With a little more than a week to go before the referendum on Scottish separation from the United Kingdom, a "yes" vote by the Scottish people would see major institutional and political changes to the United Kingdom, not least of which would be sweeping changes to the country’s military, one of the world's biggest and one of only eight officially known to be armed with nuclear weapons. If Scotland votes for “yes,” it wants, according to the Scottish National Party, which has led the Yes campaign, 8 percent of the U.K.’s military assets, primarily naval ones, a share based on population.
Crucially, however, Scotland no longer wants to host Britain’s fleet of nuclear submarines and weapons, a long-term SNP policy goal. The British government has already called the split of U.K. military assets laughable.
“An independent Scotland’s claim on the Royal Navy would greatly weaken the carefully evolved whole, as bases, infrastructure, procurement, spares, personnel and training face a carve-up,” First Sea Lord, Adm. Sir George Zambellas, told the Daily Telegraph earlier this year. Independence would “damage the very heart of the capabilities that made up the Royal Navy and the Royal Marines,” the British navy's top officer said.
The most recent polls have shown a surge in support for the “yes” campaign, with one poll putting the nationalists ahead 51 percent to 49 percent last week, compared to a 22-point lead for the "no" just a month ago.
While Scotland wants to have its own military, operating on a budget of about $4.1 billion and with a strength of about 15,000 people plus 5,000 reservists, the U.K. government said that kind of spending would not be enough to establish and maintain a military of that size. By current U.K. Treasury statistics, Scotland contributes around $4 billion in defense spending per year, but only $3 billion is spent in Scotland, the independence camp says.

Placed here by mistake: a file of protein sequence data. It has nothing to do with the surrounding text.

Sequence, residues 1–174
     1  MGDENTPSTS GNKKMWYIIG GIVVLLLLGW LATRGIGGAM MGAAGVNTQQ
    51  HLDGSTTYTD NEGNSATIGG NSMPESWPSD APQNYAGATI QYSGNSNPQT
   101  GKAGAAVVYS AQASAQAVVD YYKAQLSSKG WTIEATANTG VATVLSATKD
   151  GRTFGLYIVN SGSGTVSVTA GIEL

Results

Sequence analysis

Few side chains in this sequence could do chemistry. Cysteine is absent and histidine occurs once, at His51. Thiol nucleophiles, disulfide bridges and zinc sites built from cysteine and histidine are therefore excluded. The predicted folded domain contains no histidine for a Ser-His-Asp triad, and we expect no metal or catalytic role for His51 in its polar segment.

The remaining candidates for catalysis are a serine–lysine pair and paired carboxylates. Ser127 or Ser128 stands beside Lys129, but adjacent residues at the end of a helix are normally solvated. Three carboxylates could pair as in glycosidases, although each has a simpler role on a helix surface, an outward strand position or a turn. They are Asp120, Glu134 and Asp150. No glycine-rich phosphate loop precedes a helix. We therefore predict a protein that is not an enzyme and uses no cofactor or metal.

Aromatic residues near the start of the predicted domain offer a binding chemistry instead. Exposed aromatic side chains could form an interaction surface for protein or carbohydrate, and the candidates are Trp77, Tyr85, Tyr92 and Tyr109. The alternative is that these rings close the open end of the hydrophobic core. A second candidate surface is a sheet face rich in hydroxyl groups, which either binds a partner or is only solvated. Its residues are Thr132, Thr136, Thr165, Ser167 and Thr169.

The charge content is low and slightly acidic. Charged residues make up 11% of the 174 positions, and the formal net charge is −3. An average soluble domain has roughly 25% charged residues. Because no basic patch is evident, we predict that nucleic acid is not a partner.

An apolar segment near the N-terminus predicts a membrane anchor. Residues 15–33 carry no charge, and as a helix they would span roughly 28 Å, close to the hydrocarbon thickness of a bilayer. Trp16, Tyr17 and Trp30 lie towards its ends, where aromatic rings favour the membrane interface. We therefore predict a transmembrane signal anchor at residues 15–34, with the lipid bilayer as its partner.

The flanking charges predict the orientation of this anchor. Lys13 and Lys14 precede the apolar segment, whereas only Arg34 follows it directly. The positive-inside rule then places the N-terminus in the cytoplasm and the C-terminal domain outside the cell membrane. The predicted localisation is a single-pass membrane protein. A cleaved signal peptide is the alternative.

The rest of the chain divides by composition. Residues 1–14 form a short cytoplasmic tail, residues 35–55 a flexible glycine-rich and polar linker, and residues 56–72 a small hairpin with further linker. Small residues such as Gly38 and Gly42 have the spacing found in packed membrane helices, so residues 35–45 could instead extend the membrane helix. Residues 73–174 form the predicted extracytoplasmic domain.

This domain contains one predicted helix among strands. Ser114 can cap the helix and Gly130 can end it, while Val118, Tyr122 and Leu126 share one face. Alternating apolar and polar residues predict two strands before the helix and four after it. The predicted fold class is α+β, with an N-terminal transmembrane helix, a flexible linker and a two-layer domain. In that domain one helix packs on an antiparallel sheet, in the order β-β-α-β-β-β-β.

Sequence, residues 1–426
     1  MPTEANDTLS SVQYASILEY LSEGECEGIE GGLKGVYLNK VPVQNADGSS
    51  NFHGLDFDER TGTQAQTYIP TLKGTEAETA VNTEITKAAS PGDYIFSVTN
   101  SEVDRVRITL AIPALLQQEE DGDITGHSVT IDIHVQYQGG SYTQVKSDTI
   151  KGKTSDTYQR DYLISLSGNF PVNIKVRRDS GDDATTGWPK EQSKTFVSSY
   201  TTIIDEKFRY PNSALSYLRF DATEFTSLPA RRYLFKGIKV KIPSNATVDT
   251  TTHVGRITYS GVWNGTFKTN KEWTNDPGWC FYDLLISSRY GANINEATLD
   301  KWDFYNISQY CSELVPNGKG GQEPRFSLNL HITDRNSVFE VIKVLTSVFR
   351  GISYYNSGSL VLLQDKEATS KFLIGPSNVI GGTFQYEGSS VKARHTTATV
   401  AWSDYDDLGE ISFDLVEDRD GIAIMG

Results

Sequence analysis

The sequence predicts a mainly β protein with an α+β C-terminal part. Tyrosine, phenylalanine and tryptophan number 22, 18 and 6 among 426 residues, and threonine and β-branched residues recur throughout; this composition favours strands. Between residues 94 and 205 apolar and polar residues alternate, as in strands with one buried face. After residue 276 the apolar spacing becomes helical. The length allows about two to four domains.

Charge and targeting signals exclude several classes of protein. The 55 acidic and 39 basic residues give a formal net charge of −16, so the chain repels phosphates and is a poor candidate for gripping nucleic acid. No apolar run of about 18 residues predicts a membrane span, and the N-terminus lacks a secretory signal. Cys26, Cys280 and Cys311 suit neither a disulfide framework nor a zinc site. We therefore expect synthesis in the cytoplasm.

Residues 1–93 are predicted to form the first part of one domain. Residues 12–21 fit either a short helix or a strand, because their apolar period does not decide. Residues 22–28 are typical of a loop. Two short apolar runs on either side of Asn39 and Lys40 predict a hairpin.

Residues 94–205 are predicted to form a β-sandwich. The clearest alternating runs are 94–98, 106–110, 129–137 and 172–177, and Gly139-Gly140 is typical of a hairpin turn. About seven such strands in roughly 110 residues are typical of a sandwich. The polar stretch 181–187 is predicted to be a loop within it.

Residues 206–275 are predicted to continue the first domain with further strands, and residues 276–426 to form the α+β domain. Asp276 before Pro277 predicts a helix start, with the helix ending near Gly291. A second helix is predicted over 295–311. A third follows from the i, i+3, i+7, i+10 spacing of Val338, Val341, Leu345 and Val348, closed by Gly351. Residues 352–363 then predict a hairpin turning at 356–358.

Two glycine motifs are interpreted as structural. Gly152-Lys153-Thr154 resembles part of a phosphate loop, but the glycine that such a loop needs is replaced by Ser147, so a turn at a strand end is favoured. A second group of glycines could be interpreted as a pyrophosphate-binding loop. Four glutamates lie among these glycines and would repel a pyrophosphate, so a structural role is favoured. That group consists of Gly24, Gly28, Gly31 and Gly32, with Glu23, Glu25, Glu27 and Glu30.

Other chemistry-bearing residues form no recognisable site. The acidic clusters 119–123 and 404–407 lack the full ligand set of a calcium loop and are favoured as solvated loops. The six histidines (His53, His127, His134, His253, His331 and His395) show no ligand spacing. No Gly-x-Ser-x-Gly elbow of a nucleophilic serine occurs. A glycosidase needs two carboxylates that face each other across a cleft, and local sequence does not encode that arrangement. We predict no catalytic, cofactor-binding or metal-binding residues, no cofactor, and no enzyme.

The SNP wants to take two frigates, a command platform, four mine-countermeasure vessels, two offshore patrol vessels, and six smaller patrol vessels and auxiliary support ships. It also wants as many as 12 Typhoon fighter jets and six Hercules C-130Js, and the creation of an Army brigade made up of British inventory. The independence camp's defense plan would also see the British submarine base at Faslane become joint headquarters for the newly formed Scottish armed forces.
Scottish personnel serving in the U.K.’s armed forces may be given a choice to move across to the Scottish force. However, that option does not appear to be popular in Westminster.
“There would be a consequent loss of capability, particularly in the short term,” a report from the U.K. parliamentary Defense committee said. “The rUK [rest of United Kingdom] government would face a difficult decision about how to manage this shortfall when the financial resources available to do so would be reduced to a similar degree. This raises the very real prospect that the rUK would face the same level of threats to its defense and security as the U.K. faces today, but with armed forces which were less capable and resilient.”
But more importantly for the U.K., having to move its four Vanguard nuclear submarines based at Faslane and the nuclear weapons based in Culport would represent a logistics nightmare and jeopardize Britain's standing within NATO. As things stand, the U.K. wants to base its entire submarine fleet in Faslane, including the new Astute class subs, but should Scotland vote for independence, the submarines would stay in Plymouth and Portsmouth, England. The U.K.’s nuclear ballistic missile-carrying subs would be homeless because the facilities to host them do not exist in the rest of the U.K.
In a recent letter to British papers, Gen. Sir Richard Shirreff, who has recently stepped down as NATO’s deputy supreme allied commander for Europe, said Scotland's proposal to eject the submarines and weapons from the country would be “amateurish, unrealistic and lacking any clear strategic purpose,” as well as “dangerous." It would, Shirreff said, "leave Scotland, the U.K. and NATO weakened and less capable of dealing with the threats of today and tomorrow,” he said.